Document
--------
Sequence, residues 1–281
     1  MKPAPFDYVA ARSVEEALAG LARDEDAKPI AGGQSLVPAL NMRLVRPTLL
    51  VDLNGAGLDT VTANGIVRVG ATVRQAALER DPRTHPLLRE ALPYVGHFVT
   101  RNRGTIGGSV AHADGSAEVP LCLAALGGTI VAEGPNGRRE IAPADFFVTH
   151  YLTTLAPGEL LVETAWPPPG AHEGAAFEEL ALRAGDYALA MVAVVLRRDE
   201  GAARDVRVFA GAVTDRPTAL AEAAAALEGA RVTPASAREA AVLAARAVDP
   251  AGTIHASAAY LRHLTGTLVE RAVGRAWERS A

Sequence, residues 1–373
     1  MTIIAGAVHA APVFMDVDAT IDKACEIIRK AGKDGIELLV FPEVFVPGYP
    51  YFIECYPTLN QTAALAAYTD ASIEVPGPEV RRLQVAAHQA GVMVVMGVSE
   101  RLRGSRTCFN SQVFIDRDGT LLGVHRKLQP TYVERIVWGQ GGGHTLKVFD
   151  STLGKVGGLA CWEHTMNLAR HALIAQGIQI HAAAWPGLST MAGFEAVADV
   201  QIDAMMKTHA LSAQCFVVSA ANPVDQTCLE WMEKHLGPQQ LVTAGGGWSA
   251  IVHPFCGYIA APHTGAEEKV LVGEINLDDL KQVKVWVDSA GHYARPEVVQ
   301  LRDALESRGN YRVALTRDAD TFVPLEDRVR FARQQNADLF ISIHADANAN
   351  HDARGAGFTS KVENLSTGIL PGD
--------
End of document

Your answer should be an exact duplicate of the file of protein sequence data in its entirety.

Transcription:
Sequence, residues 1–281
     1  MKPAPFDYVA ARSVEEALAG LARDEDAKPI AGGQSLVPAL NMRLVRPTLL
    51  VDLNGAGLDT VTANGIVRVG ATVRQAALER DPRTHPLLRE ALPYVGHFVT
   101  RNRGTIGGSV AHADGSAEVP LCLAALGGTI VAEGPNGRRE IAPADFFVTH
   151  YLTTLAPGEL LVETAWPPPG AHEGAAFEEL ALRAGDYALA MVAVVLRRDE
   201  GAARDVRVFA GAVTDRPTAL AEAAAALEGA RVTPASAREA AVLAARAVDP
   251  AGTIHASAAY LRHLTGTLVE RAVGRAWERS A

Sequence, residues 1–373
     1  MTIIAGAVHA APVFMDVDAT IDKACEIIRK AGKDGIELLV FPEVFVPGYP
    51  YFIECYPTLN QTAALAAYTD ASIEVPGPEV RRLQVAAHQA GVMVVMGVSE
   101  RLRGSRTCFN SQVFIDRDGT LLGVHRKLQP TYVERIVWGQ GGGHTLKVFD
   151  STLGKVGGLA CWEHTMNLAR HALIAQGIQI HAAAWPGLST MAGFEAVADV
   201  QIDAMMKTHA LSAQCFVVSA ANPVDQTCLE WMEKHLGPQQ LVTAGGGWSA
   251  IVHPFCGYIA APHTGAEEKV LVGEINLDDL KQVKVWVDSA GHYARPEVVQ
   301  LRDALESRGN YRVALTRDAD TFVPLEDRVR FARQQNADLF ISIHADANAN
   351  HDARGAGFTS KVENLSTGIL PGD